10 Mar Kill Bot
“Kill Bot”Written by Kyle Harrison Edited by Craig Groshek and Seth Paul Thumbnail Art by Craig Groshek Narrated by N/A
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🎧 Available Audio Adaptations: None Available
⏰ ESTIMATED READING TIME — 7 minutes
When the pandemic hit, I was sure that I would be out on the street before the end of the first month. I work in a high-profile business, but most of us aren’t in a position to get unemployment. The contracts they make us sign are designed to prevent us from filing for benefits.
It was my friend Franklin that convinced me I still had a chance to work from home based on my programming experience.
“You can code better than anyone I know. There’s all kinds of businesses out there that would pay you good money to make unique programs for them,” he said.
When we were quarantined, I decided to take his advice and started posting my resume online, but nobody was hiring.
It was as if the entire economy had frozen. But that didn’t mean that my bills stopped piling in. Before I could really plan for anything, my landlord announced that he was going to up our rent, and I wound up totaling my car. It was a whirlwind of one bad thing after another, and I didn’t know where to turn.
I remember chatting online with Franklin again using free WiFi at the Starbucks a mile down from my apartment complex. He gave me advice that changed everything.
“Have you thought about going onto the dark web for jobs?” he typed out.
“You mean something that’s illegal?” I asked.
“Maybe it’s illegal here, but the internet is a worldwide marketplace. And even if it is…it won’t be hurting you to get a little cash on the side,” Franklin told me.
“I don’t know…I could get in a lot of trouble,” I typed back.
“Not really. You can set up a way to hide your IP address and keep things in dummy accounts. If you want, I can set you up with something. It’s either that or by next week you and your family are starving,” he said.
He had a point. I had two kids, and my wife was high-risk. Going out to get work during COVID just wasn’t a good idea.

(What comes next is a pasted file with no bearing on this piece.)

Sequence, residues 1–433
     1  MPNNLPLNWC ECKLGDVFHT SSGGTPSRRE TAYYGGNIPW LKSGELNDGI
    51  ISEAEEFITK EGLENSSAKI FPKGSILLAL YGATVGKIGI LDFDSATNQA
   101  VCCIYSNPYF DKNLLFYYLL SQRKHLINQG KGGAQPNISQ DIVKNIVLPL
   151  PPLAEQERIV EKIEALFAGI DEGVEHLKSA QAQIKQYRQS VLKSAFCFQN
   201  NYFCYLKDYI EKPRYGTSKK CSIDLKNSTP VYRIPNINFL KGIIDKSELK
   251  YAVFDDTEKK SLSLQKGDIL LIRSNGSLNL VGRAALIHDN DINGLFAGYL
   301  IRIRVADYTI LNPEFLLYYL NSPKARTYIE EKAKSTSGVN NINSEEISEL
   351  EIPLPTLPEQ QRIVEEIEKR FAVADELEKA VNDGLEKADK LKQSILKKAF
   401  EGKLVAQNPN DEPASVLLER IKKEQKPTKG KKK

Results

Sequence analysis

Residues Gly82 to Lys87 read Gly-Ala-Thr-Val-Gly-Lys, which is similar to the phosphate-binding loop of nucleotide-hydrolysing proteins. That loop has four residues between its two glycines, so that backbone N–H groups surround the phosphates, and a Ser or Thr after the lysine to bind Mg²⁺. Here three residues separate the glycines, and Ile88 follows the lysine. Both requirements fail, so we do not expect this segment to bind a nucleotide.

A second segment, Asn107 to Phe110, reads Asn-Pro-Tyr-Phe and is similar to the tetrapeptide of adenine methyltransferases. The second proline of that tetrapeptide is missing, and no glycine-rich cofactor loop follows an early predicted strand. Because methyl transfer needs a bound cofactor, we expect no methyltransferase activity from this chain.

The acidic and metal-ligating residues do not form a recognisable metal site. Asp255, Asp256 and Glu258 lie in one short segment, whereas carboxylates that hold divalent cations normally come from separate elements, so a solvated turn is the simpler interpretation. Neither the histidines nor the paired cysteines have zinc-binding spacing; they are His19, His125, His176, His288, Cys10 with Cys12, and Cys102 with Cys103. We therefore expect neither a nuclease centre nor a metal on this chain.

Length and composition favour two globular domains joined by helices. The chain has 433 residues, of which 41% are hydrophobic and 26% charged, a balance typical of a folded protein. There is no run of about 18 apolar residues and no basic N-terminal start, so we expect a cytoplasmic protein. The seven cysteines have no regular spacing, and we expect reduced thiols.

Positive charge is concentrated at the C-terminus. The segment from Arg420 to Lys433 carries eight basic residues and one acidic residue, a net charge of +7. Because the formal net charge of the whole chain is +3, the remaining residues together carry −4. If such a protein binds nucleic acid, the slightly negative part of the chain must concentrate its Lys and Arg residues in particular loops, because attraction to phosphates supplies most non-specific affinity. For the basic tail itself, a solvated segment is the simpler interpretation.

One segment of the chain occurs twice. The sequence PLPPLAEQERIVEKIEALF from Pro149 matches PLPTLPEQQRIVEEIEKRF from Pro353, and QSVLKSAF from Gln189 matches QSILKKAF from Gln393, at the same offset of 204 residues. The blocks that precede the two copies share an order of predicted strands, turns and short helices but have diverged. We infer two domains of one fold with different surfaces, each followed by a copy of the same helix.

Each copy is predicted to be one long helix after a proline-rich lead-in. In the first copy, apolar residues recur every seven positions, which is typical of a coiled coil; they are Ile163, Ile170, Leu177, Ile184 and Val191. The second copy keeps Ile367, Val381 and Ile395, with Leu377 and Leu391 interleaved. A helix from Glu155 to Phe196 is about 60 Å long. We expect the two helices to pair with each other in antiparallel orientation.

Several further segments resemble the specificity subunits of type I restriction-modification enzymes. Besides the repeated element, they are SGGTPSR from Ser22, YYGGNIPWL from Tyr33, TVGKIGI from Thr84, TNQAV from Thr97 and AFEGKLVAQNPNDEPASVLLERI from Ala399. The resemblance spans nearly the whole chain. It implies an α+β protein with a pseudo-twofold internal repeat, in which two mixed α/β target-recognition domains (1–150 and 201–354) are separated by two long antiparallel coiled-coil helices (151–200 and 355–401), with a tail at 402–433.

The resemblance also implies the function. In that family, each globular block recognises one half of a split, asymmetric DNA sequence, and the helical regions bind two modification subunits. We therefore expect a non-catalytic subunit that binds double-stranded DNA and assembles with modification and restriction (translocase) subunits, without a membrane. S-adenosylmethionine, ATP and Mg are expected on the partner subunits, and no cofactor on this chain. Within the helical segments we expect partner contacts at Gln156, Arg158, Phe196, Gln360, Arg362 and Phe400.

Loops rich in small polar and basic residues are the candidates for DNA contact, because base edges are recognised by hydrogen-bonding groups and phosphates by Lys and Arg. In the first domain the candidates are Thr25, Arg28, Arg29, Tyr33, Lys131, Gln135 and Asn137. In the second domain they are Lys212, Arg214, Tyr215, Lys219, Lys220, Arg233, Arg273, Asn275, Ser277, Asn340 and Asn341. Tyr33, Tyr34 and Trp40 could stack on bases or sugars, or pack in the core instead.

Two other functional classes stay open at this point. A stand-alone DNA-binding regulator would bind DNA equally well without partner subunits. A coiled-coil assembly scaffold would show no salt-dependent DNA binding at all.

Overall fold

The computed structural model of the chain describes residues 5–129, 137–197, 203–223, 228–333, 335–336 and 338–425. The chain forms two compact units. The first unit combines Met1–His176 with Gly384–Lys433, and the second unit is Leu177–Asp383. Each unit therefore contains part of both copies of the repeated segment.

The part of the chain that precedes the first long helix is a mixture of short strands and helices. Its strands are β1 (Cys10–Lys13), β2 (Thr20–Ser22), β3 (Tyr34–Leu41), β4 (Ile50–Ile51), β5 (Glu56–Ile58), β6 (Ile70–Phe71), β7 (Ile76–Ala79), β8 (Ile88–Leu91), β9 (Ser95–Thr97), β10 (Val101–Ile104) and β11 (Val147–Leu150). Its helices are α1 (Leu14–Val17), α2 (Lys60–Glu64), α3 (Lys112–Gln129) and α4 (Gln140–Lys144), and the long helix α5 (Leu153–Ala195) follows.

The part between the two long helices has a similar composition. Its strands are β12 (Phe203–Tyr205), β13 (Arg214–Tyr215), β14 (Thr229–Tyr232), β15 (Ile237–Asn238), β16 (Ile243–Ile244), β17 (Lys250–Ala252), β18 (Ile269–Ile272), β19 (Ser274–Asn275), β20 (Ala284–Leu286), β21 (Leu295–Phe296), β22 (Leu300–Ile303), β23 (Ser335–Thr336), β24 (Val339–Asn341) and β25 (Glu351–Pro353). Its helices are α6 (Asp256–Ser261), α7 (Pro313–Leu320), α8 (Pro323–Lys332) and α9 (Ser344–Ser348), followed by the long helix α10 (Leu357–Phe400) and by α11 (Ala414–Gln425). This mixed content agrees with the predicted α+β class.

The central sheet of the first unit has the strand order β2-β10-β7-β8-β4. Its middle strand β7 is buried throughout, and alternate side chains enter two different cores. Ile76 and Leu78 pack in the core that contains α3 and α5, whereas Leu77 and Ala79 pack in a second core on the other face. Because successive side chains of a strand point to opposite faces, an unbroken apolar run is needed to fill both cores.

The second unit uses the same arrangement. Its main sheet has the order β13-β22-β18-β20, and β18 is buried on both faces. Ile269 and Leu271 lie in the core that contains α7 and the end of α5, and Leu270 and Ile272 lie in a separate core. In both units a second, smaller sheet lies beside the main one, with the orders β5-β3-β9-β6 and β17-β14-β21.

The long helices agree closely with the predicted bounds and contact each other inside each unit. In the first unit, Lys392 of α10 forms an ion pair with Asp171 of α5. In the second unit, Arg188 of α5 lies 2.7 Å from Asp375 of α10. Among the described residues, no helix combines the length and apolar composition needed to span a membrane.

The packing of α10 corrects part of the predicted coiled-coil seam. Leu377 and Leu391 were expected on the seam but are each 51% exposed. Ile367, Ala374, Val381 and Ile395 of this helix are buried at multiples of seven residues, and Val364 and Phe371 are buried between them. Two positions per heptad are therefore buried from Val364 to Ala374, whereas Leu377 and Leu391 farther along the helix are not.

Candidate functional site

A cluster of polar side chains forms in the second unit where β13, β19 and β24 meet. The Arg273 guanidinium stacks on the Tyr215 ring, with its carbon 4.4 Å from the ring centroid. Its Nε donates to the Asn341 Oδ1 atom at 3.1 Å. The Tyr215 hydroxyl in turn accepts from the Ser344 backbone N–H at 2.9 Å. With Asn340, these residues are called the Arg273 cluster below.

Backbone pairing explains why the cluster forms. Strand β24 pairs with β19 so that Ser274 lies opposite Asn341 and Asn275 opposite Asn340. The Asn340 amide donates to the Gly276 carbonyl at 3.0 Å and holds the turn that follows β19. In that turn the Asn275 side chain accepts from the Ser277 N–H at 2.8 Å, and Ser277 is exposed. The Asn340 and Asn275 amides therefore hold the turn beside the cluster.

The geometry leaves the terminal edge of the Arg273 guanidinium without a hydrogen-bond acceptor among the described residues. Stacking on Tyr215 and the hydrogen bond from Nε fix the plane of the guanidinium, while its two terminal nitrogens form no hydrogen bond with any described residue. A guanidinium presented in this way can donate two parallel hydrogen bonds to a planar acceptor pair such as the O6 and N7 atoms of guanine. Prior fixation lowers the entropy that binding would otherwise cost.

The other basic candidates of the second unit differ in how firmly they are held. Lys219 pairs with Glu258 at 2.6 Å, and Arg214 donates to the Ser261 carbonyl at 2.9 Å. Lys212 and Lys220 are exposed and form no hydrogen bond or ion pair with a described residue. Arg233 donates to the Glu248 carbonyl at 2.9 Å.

My choices were limited, and my time was running out, so I had him walk me through the steps to set up my own shadow account online.
“Welcome to the dark web. Don’t get lost,” he joked with me once we had finished the setup. He shot me a few links to different job boards, and I got to looking right away. Most of them were not for my skill set. I couldn’t drive to drop off any illegal drugs or something like that.
But then I saw an ad for a computer programmer for a helpline. I thought to myself it was weird to see something so…normal on the dark web.
I clicked on the link and was immediately placed in a chat room with the client.
“What are your skills coding functional automated programs for forum boards and messengers?” they asked.
“I have programming experience with Java and CSS, and I have been training with Python,” I told them.
“Could you build for us an example, a utility program that say…popped up every time someone had a birthday?” they asked.
That sounded easy enough, and I asked for a few more details to help me get started. For the example, I would need a time zone, date of birth and what the birthday message would say.
Once I proved to them I was capable, they decided to offer me the actual job.
“We work with patients that are handling their mental health problems and require online therapy due to the pandemic. Unfortunately, the way things have changed so drastically we don’t always have a human agent available to talk to them and provide necessary resources,” the client explained.